Another problem facing neuroscience is the binding problem, which is to determine how the brain integrates sensory input from different times and/or different modalities to create a coherent seeming whole. Few doubt that this problem is solvable within the neuro-reductionist paradigm, though the complete answer will likely be complex. Neuro-reductionism has been especially successful in studying perception and this success has inspired interesting speculations on consciousness. In Art and the Brain (2000), Joseph Goguen demonstrates the intriguing possibility that such research can help people understand art. Critics have complained, however, that the cultural aspects of art get short changed by neuro-reductionist analyses.
Another problem is to determine the modularity and plasticity of the brain and the mind. Studies have found brain locations associated with many mental functions, but other functions have been shown to be non-local. Recent work has demonstrated physical brain change associated with learning, even relatively late in life. There is strong support for the modularity of many unconscious perceptual processes, and for the non-modularity of many higher level conscious processes. Whether there is a language module, as claimed by Noam Chomsky, remains contentious. A growing consensus is against his anti-evolutionary view of the origin of language, in which he claims that "there is no substance to the view that human language is simply a more complex instance of something to be found elsewhere is the animal world" (1972, p. 70).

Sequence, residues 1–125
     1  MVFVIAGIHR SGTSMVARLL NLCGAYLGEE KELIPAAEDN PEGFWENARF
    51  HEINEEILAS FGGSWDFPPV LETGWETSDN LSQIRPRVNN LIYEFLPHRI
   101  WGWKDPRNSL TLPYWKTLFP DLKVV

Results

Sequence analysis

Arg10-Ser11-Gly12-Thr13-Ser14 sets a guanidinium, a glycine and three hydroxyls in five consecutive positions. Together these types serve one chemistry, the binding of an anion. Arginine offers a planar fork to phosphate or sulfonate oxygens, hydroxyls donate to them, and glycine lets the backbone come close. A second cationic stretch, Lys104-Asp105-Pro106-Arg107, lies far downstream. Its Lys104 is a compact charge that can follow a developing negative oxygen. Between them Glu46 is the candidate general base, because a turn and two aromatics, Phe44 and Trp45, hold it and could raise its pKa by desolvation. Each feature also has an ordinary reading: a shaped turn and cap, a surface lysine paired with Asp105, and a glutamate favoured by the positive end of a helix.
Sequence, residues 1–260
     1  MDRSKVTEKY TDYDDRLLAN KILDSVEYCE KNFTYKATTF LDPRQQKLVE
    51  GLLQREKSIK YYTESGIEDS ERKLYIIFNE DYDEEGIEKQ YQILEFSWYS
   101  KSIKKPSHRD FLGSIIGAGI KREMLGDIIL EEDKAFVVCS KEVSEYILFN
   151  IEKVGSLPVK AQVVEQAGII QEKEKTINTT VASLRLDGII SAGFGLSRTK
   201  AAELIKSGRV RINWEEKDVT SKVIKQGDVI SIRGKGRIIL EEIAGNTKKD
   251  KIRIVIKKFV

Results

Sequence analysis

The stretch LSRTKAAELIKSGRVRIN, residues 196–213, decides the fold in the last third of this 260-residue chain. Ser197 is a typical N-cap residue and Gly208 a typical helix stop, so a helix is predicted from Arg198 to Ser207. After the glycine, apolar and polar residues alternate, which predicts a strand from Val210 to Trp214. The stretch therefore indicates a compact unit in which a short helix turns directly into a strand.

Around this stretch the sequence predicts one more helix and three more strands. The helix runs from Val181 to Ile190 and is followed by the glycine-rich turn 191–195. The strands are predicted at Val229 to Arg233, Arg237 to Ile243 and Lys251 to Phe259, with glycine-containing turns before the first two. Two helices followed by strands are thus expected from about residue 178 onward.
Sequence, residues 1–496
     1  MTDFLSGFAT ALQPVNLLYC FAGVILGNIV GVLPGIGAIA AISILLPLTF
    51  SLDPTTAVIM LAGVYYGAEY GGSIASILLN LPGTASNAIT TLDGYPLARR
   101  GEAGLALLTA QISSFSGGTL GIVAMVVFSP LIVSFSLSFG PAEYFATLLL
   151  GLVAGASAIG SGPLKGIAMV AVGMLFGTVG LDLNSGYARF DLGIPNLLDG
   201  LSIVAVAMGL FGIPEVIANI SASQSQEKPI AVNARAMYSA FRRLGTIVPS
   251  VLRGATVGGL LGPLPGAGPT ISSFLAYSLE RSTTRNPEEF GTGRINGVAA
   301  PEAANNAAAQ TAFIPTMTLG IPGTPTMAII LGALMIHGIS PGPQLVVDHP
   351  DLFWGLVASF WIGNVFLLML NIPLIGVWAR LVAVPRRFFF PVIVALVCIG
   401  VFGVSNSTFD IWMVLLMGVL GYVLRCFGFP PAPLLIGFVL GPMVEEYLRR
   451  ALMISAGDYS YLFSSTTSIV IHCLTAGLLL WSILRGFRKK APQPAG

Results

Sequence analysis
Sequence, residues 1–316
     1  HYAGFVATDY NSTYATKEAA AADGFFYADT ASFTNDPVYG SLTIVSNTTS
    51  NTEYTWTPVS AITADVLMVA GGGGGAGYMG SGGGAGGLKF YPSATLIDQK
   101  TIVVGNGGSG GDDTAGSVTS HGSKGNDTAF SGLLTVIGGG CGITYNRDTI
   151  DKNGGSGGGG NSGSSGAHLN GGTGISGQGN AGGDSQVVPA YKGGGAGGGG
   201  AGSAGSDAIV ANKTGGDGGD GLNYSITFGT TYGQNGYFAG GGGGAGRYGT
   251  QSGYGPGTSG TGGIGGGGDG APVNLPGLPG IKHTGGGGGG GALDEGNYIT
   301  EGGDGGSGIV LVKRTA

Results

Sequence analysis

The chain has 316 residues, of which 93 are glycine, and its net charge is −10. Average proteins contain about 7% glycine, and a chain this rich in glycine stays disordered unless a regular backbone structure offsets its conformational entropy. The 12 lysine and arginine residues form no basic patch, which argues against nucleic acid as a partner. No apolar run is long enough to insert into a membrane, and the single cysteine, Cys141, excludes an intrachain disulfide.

On the interface between neurophysiology and computer science is the issue of modeling neurons, networks of neurons, and ultimately, brains. In 1943 Warren McCullough and Walter Pitts introduced the first such model, in which neurons were either "on" or "off," firing or not firing. These neurons are similar to the logic gates of computers, but are far simpler than real neurons. Some key ideas introduced by psychologist Donald Hebb include the following: connections between neurons become tighter the more they are used; neurons act in groups called cell assemblies; and cell assemblies are the basis of short term memory, but not long term memory. Although these only a rough approximation to the complex functioning of real neurons (involving numerous chemical reactions), they inspired a new generation of models having important engineering applications, such as character recognition. But because of its approximate character, many researchers prefer to call their work parallel distributed processing or connectionism, rather than neural net modeling.